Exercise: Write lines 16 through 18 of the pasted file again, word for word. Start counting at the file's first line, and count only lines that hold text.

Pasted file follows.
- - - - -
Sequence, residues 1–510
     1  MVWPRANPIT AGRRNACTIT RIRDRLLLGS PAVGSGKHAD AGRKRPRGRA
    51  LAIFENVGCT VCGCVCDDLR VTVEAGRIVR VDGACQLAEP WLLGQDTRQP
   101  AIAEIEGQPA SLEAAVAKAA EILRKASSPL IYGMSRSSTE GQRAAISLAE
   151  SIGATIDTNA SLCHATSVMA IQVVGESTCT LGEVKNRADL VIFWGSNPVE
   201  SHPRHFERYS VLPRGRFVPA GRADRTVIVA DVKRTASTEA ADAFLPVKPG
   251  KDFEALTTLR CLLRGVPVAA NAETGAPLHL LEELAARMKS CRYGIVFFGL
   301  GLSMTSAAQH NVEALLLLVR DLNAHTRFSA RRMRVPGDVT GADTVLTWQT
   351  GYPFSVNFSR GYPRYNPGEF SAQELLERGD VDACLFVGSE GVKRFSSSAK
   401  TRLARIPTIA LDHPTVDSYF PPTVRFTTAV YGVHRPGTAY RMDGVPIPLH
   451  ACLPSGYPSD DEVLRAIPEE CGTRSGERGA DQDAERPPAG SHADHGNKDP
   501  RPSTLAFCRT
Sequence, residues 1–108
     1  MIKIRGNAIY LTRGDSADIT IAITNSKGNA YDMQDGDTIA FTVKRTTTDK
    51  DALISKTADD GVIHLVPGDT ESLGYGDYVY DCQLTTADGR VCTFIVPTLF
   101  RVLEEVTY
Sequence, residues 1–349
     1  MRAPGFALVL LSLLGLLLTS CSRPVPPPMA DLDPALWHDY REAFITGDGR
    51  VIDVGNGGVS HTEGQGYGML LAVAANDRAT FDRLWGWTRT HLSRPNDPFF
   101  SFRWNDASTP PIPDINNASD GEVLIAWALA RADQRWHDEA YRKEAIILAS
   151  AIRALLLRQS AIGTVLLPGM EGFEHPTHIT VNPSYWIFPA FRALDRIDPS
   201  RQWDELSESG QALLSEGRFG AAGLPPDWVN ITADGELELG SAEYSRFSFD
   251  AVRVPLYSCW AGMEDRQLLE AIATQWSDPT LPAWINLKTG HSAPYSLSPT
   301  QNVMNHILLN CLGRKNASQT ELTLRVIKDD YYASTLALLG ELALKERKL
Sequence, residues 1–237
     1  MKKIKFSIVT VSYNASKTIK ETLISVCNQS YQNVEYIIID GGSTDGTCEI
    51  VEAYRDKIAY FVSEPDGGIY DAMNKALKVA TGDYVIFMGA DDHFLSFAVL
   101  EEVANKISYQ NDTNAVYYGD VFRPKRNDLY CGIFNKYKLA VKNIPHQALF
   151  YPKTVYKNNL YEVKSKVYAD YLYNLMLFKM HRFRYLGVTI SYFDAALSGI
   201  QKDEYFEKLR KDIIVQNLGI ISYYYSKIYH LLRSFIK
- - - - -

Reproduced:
   101  RVLEEVTY
Sequence, residues 1–349
     1  MRAPGFALVL LSLLGLLLTS CSRPVPPPMA DLDPALWHDY REAFITGDGR